• Health information technology and/or electronic health records;
  • Health disparities;
  • Health promotion in the workplace;
  • Employment and health; and
  • Other critical research issues.
  • Guidelines and Instructions:

  • Access the ICDR Public Comment Web site: http://www.icdr.us/stakeholders for complete instructions, guidelines, and registration.
  • If you do not have access to a computer or the Internet, you may mail your comments to ICDR c/o CESSI, 6858 Old Dominion Drive, Suite 250, McLean, VA 22101 or fax to 703-442-9015. Please follow the following instructions for written comments:
    • No longer than 250 words or 1500 characters
    • Single-spaced using 12-point font in Times New Roman
  • Key Dates:

  • Web-based Public Comments: March 27 – April 17, 2009 (3:00 P.M. EDT)
  • Written Comments: March 27 – April 17, 2009 (Must be postmarked no later than the deadline)
  • Online Public Voting: April 22 – 29, 2009 (11:59 P.M. EDT)
  • Cross-posted with EBD Blog.

    Research input opportunity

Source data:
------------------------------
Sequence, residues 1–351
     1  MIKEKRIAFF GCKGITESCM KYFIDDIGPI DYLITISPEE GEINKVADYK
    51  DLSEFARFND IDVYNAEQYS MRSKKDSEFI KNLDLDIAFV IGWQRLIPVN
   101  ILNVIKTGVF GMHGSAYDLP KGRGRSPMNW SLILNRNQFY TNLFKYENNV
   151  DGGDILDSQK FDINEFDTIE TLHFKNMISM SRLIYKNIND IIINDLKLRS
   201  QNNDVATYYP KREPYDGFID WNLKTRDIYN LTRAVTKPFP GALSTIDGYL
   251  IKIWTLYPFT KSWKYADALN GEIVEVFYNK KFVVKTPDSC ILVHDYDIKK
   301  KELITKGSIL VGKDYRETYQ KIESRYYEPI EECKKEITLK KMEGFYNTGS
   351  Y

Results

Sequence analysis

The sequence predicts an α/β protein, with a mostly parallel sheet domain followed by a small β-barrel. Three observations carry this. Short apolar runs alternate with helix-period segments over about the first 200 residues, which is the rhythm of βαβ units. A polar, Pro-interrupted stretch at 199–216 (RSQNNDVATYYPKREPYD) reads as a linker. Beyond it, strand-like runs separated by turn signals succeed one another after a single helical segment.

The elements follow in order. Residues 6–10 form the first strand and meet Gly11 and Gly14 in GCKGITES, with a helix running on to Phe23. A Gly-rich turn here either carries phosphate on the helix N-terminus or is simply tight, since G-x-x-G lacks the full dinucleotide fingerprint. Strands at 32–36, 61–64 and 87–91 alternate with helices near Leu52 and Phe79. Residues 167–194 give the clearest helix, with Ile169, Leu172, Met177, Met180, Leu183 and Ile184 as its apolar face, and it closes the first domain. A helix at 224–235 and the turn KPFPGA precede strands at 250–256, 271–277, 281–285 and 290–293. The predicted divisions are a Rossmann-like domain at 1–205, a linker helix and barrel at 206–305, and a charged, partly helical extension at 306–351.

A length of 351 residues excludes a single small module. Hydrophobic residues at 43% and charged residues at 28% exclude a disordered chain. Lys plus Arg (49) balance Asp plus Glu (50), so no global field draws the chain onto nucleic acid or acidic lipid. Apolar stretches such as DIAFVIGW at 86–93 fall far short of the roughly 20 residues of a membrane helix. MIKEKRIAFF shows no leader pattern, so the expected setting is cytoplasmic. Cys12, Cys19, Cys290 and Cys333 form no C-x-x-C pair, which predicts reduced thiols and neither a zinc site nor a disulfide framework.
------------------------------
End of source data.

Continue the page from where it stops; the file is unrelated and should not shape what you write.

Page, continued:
Here’s a copy of a post I put on EBD Blog that has content that’s also relevant here.

    The US Interagency Committee on Disability Research (ICDR) is seeking citizens’ recommendations about a research agenda. Although this initiative aims at addressing issues for adults in the community, which differs from the focus of EBD Blog (educational issues related to children and youth and their families), I want to mention it here so that readers who may have interests in health, employment, and similar topics will get the news.

    This year for the first time, the federally mandated Interagency Committee on Disability Research (ICDR) is utilizing an innovative Web-based approach to collect online disability research comments to assist in developing a federal disability and rehabilitation 2010 research agenda. This technology-driven approach gives the public a three-week timeframe from March 27th through April 17th to submit their recommendations. Additionally, registered participants will be invited to review all comments submitted and vote on their top 10 concerns in each topic area during the one-week period from April 22nd through April 29th. Public comments from stakeholders are the focal point of the disability research recommendations in the ICDR Annual Report to the President and Congress.

    ICDR stakeholders page.